• If specific circumstances prevent the school from gathering evidence sufficient to reach a determination about the allegations.
In the event of a dismissal of a formal complaint, the District will promptly send written notice of the dismissal and the reasons to both parties. Either party has the option to appeal the decision.
Individuals involved in the process will be trained in accordance with Title IX regulations, and the materials used to train Title IX personnel are available on the District’s website.


The complainant or respondent may appeal the decision-maker’s determination of responsibility or the dismissal of a formal complaint, to the Superintendent (or designee) within 10 calendar days of receiving the determination of responsibility or the notice of dismissal. The appeal decision-maker will not be the same individual who made the determination of responsibility, the investigator, or the Title IX Coordinator.
The following are permissible grounds for an appeal:
1. A procedural irregularity affected the outcome of the matter;
2. New evidence has been discovered that was not reasonably available at the time of the determination on responsibility or dismissal; and/or
3. A conflict of interest on the part of the Title IX Coordinator, an investigator who complied evidence, or a decision-maker, and the conflict of interest affected the outcome.
  • If a party files an appeal, the District will notify the parties in writing, and will implement appeal procedures equally.
  • Both parties will have the opportunity to submit a written statement supporting or challenging the outcome. 
  • After considering the parties’ written statements, the Superintendent (or designee) will issue a written decision no later than 15 calendar days from the parties’ written submission and send it to the parties simultaneously.
  • The Superintendent’s (or designee’s) determination regarding whether the respondent is responsible for the sexual harassment allegations becomes final after appeal.


  • In appropriate cases, the District may explore the facilitation of a voluntary, informal resolution of the formal complaint. This is not an option in any case where the respondent is a District employee.
  • The District will only attempt informal resolution if each party enters the process completely voluntarily. No party will ever been forced or coerced into engaging in an informal resolution.
  • The District will obtain the parties’ voluntary, written consent before using any type of informal resolution process, such as mediation or restorative justice.
  • The District will provide a facilitator who is free from conflicts of interest or bias, and who has received special training.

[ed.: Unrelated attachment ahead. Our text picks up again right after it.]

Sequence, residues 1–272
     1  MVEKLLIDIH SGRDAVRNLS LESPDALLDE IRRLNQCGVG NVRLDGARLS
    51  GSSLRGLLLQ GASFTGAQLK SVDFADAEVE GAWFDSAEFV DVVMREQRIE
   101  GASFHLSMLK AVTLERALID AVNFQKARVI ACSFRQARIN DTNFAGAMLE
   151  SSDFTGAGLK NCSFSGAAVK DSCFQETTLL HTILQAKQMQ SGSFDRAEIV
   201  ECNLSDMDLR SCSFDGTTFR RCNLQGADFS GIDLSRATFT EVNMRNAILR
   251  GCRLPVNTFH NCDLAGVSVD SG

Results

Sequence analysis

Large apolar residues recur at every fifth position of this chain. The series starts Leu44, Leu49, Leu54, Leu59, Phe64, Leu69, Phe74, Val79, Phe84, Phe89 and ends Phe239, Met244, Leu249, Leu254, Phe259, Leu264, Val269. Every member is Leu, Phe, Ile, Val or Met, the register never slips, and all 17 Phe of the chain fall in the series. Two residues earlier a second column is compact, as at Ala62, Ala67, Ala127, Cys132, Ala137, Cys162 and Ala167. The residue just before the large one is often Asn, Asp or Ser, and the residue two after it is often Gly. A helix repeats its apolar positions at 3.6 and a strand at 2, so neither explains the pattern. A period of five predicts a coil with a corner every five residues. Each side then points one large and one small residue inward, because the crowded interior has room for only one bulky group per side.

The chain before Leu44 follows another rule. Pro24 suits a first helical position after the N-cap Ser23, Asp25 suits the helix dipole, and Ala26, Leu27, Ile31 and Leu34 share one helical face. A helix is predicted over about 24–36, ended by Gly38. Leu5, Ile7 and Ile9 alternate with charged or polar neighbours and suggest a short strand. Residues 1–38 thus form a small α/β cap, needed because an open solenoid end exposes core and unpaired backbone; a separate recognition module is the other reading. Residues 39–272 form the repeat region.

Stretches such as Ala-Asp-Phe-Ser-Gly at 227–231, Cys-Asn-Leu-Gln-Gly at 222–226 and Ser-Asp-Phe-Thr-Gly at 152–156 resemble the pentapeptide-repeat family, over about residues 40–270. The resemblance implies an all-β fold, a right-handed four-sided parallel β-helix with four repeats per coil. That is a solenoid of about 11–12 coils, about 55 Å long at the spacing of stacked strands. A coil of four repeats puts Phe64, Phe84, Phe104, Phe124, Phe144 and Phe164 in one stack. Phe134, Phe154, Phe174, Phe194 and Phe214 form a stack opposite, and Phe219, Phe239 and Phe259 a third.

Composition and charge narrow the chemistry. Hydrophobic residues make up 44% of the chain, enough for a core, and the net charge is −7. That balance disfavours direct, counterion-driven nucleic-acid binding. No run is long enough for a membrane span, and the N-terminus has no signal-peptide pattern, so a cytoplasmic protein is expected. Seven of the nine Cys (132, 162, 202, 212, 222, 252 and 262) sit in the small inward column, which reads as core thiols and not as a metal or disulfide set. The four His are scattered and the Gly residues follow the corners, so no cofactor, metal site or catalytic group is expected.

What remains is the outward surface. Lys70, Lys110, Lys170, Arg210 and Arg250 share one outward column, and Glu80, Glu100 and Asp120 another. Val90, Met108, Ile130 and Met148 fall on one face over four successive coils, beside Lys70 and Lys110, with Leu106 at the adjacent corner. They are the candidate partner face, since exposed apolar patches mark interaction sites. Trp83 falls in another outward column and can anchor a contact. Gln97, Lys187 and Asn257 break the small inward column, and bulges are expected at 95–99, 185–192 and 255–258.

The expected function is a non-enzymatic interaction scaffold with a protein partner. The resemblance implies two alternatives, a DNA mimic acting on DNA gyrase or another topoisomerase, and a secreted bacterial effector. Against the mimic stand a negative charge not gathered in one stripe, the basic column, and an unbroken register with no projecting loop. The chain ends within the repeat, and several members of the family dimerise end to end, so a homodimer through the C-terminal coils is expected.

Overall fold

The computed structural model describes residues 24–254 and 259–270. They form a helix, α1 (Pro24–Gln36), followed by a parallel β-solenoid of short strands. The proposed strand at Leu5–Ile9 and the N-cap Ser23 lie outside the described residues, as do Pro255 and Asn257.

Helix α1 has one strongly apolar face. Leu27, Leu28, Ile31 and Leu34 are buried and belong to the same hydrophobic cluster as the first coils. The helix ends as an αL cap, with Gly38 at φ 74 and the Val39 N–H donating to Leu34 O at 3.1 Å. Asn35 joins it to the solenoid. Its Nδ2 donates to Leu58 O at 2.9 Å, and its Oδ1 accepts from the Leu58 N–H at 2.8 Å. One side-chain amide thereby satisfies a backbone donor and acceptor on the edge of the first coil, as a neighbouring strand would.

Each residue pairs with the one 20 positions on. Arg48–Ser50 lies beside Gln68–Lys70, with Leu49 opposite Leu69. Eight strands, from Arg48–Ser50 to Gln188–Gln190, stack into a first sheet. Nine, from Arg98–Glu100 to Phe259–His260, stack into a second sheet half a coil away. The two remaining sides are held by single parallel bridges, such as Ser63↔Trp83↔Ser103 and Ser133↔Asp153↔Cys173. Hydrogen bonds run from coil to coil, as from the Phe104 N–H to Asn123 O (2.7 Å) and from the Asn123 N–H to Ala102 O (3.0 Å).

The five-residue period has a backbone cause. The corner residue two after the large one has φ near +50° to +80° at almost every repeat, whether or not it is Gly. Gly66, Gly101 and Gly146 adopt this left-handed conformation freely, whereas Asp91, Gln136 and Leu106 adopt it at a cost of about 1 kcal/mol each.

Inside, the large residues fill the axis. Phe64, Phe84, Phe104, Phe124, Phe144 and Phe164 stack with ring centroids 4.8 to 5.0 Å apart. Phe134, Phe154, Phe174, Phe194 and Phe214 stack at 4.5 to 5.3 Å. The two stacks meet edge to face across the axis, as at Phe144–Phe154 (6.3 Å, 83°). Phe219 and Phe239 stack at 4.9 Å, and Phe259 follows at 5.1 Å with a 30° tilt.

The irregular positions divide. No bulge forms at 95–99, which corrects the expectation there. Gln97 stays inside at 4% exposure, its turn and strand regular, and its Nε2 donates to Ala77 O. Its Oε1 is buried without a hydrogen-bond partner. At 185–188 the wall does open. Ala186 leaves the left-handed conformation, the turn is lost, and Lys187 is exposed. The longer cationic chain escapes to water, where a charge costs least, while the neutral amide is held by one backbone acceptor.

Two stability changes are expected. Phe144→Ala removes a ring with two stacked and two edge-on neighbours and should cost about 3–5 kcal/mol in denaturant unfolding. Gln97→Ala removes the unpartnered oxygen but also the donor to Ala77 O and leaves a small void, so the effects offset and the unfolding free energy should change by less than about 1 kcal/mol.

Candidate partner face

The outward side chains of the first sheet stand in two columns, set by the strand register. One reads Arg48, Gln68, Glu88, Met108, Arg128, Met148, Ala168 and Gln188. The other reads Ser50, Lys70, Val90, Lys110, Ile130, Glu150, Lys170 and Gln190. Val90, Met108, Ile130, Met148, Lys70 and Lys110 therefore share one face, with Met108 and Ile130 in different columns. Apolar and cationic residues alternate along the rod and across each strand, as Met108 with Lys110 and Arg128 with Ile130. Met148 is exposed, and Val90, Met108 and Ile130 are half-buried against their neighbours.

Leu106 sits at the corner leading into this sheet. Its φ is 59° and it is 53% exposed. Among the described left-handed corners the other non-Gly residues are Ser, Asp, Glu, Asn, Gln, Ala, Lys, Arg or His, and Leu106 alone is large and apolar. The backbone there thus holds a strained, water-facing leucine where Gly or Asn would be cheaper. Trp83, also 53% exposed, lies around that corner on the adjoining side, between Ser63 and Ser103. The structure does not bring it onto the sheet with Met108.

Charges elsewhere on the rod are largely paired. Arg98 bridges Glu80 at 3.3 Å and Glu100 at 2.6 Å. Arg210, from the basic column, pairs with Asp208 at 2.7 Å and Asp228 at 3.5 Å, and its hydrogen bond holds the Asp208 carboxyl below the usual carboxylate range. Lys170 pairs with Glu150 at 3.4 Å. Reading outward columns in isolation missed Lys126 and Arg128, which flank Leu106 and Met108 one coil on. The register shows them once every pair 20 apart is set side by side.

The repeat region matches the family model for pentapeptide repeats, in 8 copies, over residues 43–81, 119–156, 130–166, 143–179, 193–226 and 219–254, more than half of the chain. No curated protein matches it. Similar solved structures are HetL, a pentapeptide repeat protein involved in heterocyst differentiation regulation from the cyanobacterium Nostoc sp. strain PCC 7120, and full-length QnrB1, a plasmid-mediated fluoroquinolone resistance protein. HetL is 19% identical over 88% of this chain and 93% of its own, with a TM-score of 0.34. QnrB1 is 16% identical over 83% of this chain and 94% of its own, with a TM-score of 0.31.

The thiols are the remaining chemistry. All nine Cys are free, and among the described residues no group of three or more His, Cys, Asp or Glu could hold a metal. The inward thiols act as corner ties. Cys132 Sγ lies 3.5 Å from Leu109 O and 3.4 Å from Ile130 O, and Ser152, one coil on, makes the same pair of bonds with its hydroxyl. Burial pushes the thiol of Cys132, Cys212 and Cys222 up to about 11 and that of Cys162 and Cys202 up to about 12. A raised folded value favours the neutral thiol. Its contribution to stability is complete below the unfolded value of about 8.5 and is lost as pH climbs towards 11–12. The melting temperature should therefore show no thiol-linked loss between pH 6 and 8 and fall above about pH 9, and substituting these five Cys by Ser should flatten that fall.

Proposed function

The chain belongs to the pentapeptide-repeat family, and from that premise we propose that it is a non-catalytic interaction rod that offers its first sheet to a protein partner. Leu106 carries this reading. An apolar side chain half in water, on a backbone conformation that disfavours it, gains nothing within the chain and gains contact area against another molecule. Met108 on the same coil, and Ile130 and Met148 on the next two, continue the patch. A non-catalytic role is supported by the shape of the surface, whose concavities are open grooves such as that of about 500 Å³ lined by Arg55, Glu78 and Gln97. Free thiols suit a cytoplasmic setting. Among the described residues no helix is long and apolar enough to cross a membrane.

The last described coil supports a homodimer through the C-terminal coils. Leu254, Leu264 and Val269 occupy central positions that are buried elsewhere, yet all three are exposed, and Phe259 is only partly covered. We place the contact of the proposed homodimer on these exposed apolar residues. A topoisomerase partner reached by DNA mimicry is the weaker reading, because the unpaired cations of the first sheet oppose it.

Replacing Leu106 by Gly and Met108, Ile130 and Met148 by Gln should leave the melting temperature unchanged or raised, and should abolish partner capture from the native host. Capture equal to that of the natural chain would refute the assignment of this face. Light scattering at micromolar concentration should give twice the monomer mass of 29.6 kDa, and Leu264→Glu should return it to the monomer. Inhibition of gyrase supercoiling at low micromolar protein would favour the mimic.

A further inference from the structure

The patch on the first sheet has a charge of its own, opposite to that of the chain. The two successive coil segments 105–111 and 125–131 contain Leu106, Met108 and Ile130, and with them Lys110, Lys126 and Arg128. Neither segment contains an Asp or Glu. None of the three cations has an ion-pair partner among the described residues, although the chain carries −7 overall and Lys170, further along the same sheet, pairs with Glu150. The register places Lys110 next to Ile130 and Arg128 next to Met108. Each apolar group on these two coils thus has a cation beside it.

• Even in situations where the parties engage in voluntary informal resolution, the District will provide the complainant and respondent with notice of the allegations, notice of their rights, information about whether an informal process is confidential, and assurance that any party may withdraw from the informal resolution process at any time before an agreement is reached.


The District will maintain the following records for 7 years:
1. Records of a school’s investigation;
2. Records of any appeal and the materials associated with the appeal;
3. Materials used to train Title IX Coordinators, investigators, decision-makers, and anyone who facilitates an informal resolution; and
4. Records of supportive measures that the District took in response to a report or complaint of sexual harassment.


The District prohibits retaliation against any individual, including complainants, respondents, and witnesses, for reporting sexual harassment or participating (or refusing to participate) in any Title IX grievance process.
If any individual feels that he or she has been threatened, coerced, or discriminated against in an effort to chill the exercise of Title IX rights, then he or she should make a report of retaliation. All complaints of retaliation should be reported to the Title IX Coordinator or the District’s Superintendent, and the District will ensure a prompt and equitable resolution of the complaint.
It is not retaliation for the District to punish an individual for making a bad faith, materially false, statement during a Title IX grievance process. Additionally, engaging in protected speech under the First Amendment does not constitute retaliation.
The District will keep the identities of parties and witnesses confidential unless disclosure of an individual’s identity is required under other laws or is necessary in order to conduct the grievance process.
Any individual shall have the right to file a formal complaint with the U.S. Department of Education, Office of Civil Rights at any time.
Office for Civil Rights, Philadelphia
U.S. Department of Education
The Wanamaker Building
100 Penn Square East, Suite 515
Philadelphia, PA 19107
Tel: (215) 656-8541 Fax: (215) 656-8605

Title IX Training